Twelve years ago this week, U.S. President Bill Clinton, Israeli Prime Minister Ehud Barak, and Palestinian leader Yasir Arafat gathered at Camp David to launch a historic bid to put an end to the Israeli-Palestinian conflict.
The historic nature of the gathering can't be denied. The discussions there began the excruciatingly painful process of coming to terms with the Israeli-Palestinian conflict's toughest issues. Indeed, for nearly two weeks in Maryland's stunningly beautiful Catoctin Mountain Park, Israeli and Palestinian negotiators wrestled with the core issues of the conflict -- territory, refugees, security, and, of course, Jerusalem -- in front of a U.S. president. If the Israeli-Palestinian conflict is finally resolved, what happened at Camp David that summer will be viewed as an important part of the negotiating history.
There were movies -- Gladiator and the submarine World War II classic U-571 (wasn't this a peace summit?) -- and spectator sports (watching Israelis and Palestinians race around the narrow walking paths on golf carts at breakneck speeds chattering in Arabic and Hebrew). One of the carts went missing at the summit's end. We joked that maybe one of the Palestinians and Israelis had tried to drive it home.
There were crises (Barak nearly choked to death on a peanut, only to be saved by the youngest member of his delegation). There were comedic highs (Arafat watching the baseball All-Star Game and earnestly asking in the fifth inning when the game was going to start). And dramatic lows -- Secretary of State Madeleine Albright, in an effort to cheer up a brooding Barak, offered to move a piano into his cabin after he retreated there, sulking like Achilles at Troy over prospects that Arafat really wasn't interested in reaching an accord. And there was fantastic food, and plenty of it -- three squares and then some. Indeed, the food was about the only thing at Camp David Israelis and Palestinians seemed not to complain about.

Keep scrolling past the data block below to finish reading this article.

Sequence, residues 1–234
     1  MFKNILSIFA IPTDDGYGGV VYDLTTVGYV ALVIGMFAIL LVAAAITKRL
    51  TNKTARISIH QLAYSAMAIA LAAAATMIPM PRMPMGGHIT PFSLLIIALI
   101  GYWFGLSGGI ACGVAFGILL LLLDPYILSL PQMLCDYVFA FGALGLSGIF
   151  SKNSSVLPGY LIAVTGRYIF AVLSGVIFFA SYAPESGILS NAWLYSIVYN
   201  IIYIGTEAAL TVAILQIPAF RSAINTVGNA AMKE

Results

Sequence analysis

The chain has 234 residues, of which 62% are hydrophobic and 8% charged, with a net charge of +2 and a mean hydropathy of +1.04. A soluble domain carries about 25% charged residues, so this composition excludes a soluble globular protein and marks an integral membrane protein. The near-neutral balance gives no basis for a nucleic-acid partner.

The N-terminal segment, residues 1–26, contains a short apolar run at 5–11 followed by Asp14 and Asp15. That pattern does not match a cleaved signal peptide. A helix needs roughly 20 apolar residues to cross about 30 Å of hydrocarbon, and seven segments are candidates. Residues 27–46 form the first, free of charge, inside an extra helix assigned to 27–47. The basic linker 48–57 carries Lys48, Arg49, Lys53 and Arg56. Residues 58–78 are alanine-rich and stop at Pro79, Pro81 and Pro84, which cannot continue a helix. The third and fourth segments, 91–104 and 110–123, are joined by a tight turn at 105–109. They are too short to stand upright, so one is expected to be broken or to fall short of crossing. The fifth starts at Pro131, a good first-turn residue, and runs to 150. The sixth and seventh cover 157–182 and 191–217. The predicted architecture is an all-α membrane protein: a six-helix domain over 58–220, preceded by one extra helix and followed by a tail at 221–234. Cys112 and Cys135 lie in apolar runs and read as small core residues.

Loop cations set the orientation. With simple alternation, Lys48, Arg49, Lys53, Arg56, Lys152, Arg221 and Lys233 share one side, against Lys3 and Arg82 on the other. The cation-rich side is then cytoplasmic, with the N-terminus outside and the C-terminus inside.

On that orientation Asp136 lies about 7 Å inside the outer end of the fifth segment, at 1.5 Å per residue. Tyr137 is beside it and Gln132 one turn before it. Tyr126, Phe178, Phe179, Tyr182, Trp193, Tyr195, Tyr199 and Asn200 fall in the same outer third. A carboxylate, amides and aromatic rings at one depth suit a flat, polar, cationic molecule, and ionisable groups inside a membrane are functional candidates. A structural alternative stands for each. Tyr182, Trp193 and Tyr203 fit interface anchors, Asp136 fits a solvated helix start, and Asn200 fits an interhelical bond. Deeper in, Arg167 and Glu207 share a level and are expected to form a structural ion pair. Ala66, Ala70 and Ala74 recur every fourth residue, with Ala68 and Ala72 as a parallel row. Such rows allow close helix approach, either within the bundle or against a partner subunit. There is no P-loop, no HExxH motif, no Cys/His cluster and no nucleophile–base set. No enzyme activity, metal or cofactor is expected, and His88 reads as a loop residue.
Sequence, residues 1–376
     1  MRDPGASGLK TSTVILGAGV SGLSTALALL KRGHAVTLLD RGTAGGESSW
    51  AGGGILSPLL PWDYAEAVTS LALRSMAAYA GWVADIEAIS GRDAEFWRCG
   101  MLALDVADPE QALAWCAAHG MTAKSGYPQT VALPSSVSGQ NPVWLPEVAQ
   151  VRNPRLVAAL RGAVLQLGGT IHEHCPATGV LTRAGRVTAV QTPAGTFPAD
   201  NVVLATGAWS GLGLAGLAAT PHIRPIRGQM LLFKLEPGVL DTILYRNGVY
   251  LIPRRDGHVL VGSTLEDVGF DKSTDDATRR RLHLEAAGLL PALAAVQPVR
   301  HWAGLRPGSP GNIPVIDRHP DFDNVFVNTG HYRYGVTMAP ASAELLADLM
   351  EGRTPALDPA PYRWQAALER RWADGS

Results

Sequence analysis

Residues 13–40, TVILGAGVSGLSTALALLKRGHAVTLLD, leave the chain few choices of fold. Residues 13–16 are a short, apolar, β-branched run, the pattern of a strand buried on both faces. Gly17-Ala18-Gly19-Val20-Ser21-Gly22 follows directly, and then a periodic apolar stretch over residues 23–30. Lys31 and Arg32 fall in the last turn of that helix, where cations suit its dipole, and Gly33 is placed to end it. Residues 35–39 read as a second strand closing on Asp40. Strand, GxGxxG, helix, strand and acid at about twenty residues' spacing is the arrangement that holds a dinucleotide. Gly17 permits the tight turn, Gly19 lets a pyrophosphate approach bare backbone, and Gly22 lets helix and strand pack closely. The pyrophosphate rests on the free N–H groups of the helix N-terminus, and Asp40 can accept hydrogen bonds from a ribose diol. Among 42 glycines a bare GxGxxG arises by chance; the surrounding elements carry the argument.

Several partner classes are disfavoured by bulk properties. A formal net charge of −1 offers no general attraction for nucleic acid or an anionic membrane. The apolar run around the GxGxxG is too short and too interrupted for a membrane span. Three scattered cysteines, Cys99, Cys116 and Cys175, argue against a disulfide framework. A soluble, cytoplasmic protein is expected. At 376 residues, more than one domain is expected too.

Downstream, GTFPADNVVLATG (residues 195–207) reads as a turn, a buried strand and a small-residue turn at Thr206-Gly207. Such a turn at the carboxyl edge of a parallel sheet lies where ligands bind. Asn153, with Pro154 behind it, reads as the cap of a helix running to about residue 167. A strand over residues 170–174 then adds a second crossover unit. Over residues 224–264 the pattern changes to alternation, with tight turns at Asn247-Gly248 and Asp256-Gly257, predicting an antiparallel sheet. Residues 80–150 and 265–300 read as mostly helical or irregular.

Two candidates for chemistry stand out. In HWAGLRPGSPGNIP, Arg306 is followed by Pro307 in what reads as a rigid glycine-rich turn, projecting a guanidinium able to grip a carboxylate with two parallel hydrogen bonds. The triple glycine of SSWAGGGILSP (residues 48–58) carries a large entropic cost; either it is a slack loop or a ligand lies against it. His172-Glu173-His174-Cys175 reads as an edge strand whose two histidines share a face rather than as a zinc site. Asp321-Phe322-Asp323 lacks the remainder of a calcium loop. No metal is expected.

What was not evident at the Camp David summit was a sustained, well-organized, and serious negotiation, let alone a directed effort, to reach an Israeli-Palestinian agreement.
The debate over who lost Camp David rages on still. Many blame Arafat (rightly) for failing to negotiate in any meaningful sense of the word; others, mostly the Palestinians, blame the Israelis for not putting enough on the table if what they sought was a conflict-ending agreement (true enough) and the Americans for siding with the Israelis.
As one of the dozen or so Americans at the summit, my view of these matters is decidedly less personal and moralistic. To put it bluntly, this summit should never have been held with the goal and expectation of reaching an agreement -- any agreement, let alone one to end the conflict. None of the big three -- Arafat, Barak, and Clinton -- were ready, willing, or able to pay the price for that.
Instead, Camp David represented the ultimate How Not to Summit -- a poster child for what to avoid, what not to do, and how not to think about reaching an agreement between Israelis and Palestinians.
Let's be clear: America didn't cause the failure of the summit. The gaps on the big issues were simply too large to be bridged, and neither the Israelis nor the Palestinian were willing or able to do it. But it was our house, our credibility, and our good name. We invited them to only the second negotiating summit at the leader's level in the history of America's involvement in the Arab-Israeli conflict, and thus we do bear a share of the responsibility as a facilitator of the failure. But as I look back now 12 years later, three mistakes on our side seem emblematic of the summit's fate.